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WitsOn: An Online Mentorship Program to Guide Women into Sciences

Tricia Tongco |
September 18, 2012 | 8:21 a.m. PDT

Staff Reporter

Maria Klawe at Harvey Mudd College (Creative Commons).
Maria Klawe at Harvey Mudd College (Creative Commons).
A six-week program granting young college women mentorship from hundreds of prominent women in the fields of science, technology, engineering and math launches next month, according to The New York Times.

Maria Klawe, the president of Harvey Mudd College and board member to Microsoft, has organized the massive open online course  (MOOC ) to encourage young women to pursue careers in STEM fields. The project is called Women in Technology Sharing Online, or WitsOn.

“Getting more women into STEM is my passion in life, and every institution that’s set up mentorship programs for young women has been successful at increasing their numbers, so I think this can make a real difference,” Klawe said to The New York Times.

Heather R. Huhman at Forbes points out that the problem starts as early as grade school. since young girls are rarely encouraged to pursue math and science. This is problematic considering studies show a lack of belief in intellectual growth can actually inhibit it. In addition, there exists an unconscious bias that science and math are typically “male” fields while humanities and arts are primarily “female” fields, and these stereotypes further inhibit girls’ likelihood of cultivating an interest in math and science.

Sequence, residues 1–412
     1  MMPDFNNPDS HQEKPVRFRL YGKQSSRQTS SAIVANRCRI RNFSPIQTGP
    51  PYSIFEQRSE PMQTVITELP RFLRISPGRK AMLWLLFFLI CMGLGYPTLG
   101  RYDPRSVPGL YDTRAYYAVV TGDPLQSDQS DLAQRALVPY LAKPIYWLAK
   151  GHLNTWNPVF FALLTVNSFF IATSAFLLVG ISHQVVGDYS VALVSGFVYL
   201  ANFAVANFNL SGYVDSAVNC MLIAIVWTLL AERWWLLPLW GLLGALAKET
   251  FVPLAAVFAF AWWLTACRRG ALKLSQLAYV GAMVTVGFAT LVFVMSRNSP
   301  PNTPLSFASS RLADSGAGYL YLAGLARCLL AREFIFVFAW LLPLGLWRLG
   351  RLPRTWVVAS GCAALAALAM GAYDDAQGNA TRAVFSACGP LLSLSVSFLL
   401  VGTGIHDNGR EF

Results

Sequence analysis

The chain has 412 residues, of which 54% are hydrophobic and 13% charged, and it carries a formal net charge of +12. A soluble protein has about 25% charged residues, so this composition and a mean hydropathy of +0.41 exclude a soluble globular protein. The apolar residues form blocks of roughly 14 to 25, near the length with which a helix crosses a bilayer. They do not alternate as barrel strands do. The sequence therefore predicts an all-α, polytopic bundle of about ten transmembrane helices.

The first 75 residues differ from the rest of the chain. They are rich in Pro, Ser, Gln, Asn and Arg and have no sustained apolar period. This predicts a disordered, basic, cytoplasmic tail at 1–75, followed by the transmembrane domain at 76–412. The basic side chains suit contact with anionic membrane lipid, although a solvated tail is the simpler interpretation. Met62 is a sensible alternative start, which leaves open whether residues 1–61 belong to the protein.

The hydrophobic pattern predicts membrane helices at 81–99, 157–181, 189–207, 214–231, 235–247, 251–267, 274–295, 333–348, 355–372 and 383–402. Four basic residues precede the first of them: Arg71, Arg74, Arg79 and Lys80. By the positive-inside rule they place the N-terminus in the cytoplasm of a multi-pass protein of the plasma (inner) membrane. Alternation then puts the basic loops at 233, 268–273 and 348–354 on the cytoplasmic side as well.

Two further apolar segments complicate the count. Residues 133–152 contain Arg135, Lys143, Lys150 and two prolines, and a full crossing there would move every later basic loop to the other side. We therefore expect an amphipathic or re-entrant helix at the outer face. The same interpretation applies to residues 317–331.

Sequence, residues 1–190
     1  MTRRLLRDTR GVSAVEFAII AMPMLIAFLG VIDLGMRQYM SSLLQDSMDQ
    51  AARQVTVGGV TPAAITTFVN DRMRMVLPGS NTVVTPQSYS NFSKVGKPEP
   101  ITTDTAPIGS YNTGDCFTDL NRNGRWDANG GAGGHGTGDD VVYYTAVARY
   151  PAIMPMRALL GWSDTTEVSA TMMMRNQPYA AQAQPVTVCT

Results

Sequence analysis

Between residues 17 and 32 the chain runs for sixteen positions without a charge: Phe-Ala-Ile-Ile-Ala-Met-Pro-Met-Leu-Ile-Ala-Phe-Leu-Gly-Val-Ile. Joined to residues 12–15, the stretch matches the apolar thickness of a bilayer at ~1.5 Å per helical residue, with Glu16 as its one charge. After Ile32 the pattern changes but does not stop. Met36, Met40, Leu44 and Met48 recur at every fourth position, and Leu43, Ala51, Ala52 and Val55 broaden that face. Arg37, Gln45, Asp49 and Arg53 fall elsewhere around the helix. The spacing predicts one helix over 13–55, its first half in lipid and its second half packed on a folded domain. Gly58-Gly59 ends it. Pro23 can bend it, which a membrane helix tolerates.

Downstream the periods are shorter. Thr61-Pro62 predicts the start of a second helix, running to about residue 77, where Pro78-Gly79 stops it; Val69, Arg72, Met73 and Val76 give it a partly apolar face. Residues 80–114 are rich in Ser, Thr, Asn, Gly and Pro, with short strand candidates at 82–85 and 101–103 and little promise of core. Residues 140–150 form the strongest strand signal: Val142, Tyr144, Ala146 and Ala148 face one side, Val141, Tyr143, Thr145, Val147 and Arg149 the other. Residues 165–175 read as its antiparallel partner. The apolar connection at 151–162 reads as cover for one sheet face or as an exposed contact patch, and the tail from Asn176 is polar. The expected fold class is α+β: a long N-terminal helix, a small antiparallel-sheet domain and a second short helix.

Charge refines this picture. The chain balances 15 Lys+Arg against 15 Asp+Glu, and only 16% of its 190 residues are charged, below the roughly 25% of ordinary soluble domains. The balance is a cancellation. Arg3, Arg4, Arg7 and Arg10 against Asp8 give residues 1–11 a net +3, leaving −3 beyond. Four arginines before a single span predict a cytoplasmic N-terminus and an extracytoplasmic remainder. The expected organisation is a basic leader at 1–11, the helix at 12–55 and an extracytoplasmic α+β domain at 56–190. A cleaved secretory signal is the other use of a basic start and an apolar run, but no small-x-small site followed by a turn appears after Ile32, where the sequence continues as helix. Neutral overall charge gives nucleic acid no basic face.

A 2011 report by the U.S. Department of Commerce found only one in seven engineers is female. Additionally, women have seen no employment growth in STEM jobs since 2000.

Today, women hold only 27 percent of all computer science jobs, and that number isn’t growing. This is unsurprising when we take into account how many women are actually studying computer science in college; less than 20 percent of bachelor’s degrees in computer science go to women, even though female graduates hold 60 percent of all bachelor’s degrees.

To raise those numbers, Klawe has recruited six prominent women as lead mentors, including Mae C. Jemison, the first black female astronaut; Jacqueline K. Barton, the chairwoman of the chemistry department at Caltech; and Padmasree Warrior, Cisco’s chief technology officer — as well as nearly 300 other mentors. They will answer questions submitted online by students at any of the universities participating in the project,

With no curriculum, no exam, no grades and no credit, the program's main goal is connecting young students with accomplished women working in STEM fields. Prominent universities — including the California Institute of Technology, Cornell, the Georgia Institute of Technology, Harvard, the Massachusetts Institute of Technology, Princeton, Stanford and the University of California, Berkeley — have been quick to sign on, contributing mentors and publicizing the program to students.

Read the full story at The New York Times.

Reach reporter Tricia Tongco here or follow her on Twitter.



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